Evaluating the role of participation in modeling studies for environmental planning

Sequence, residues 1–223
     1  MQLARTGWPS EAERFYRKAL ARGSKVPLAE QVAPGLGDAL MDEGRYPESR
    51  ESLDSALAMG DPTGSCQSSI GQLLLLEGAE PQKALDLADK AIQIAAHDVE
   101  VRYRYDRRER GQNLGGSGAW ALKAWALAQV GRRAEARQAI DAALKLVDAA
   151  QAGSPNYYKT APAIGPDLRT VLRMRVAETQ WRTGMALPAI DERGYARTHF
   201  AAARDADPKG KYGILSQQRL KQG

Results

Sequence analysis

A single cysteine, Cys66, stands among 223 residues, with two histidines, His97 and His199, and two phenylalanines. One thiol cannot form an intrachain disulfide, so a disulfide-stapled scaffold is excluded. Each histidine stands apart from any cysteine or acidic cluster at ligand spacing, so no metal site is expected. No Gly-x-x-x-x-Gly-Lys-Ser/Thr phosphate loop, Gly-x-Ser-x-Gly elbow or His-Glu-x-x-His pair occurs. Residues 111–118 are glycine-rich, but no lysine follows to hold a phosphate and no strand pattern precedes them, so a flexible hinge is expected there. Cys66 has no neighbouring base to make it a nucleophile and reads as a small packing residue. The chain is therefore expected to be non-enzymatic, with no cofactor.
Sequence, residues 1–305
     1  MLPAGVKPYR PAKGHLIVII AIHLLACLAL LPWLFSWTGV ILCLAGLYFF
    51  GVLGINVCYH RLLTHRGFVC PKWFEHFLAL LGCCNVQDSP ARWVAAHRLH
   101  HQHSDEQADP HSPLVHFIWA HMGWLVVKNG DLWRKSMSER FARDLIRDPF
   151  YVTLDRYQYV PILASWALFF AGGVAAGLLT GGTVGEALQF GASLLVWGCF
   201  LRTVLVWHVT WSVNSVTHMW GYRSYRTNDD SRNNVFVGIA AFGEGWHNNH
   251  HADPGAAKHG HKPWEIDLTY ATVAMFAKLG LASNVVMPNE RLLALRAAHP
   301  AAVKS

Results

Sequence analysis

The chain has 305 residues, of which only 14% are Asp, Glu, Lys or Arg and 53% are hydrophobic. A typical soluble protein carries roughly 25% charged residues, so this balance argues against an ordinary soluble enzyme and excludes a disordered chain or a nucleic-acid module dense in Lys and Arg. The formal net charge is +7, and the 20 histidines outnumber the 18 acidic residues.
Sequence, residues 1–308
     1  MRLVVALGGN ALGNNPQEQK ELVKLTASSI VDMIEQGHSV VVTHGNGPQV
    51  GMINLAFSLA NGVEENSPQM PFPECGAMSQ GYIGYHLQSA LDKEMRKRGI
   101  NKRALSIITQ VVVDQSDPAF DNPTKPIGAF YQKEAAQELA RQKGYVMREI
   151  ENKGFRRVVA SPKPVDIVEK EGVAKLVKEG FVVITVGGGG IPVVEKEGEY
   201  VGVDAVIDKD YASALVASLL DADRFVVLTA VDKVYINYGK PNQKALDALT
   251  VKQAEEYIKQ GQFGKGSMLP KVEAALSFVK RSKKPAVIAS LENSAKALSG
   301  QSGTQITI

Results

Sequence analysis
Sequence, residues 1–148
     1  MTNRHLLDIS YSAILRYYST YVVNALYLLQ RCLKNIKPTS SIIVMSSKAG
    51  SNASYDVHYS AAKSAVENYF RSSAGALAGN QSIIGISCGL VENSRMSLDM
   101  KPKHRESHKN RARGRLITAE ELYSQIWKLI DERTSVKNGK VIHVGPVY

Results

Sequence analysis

Stakeholder participation in modeling studies is often advocated as a means to enhance the acceptability of these studies. In turn, acceptability of modeling studies is considered as an important factor stimulating their actual use in policy making. Although these hypotheses are generally accepted, to date little empirical evidence is available to support or reject them. This study aims at exploring in more detail whether or not stakeholder participation increases acceptability of modeling studies and the use of their results in policy making, and how that can be understood. For this purpose thirteen projects were analyzed. Methods employed included a review of project reports and further papers on the project, as well as standardized surveys with scientists involved in the cases and open oral interviews with other key figures. A majority of the projects concerned European cases in which land use and exploitation of water resources had to be planned in combination. Our results suggest that acceptability of modeling studies is correlated to the actual use of these studies, although it does not seem to be a prerequisite. In turn, acceptability of modeling studies is positively correlated to a participatory approach. The latter is also correlated to the extent to which policy-oriented learning took place during modeling studies. In addition our study shows that stakeholder participation enhances acceptability of the models by allowing stakeholders to contribute ideas, knowledge, and priorities. Also communication of studies and their results to stakeholders is important for the acceptability of models. Finally, applicability of models seems to be a prerequisite for their acceptability. No evidence was found of the acceptability of models being positively influenced by the model’s credibility, the extent to which models reduce uncertainties, the insights that models give into the effects of policies, the transparency of models and modeling studies, nor the extent to which they facilitate a mutual understanding of actors with conflicting interests. We recommend further testing of the general validity of our conclusions by evaluating other projects.
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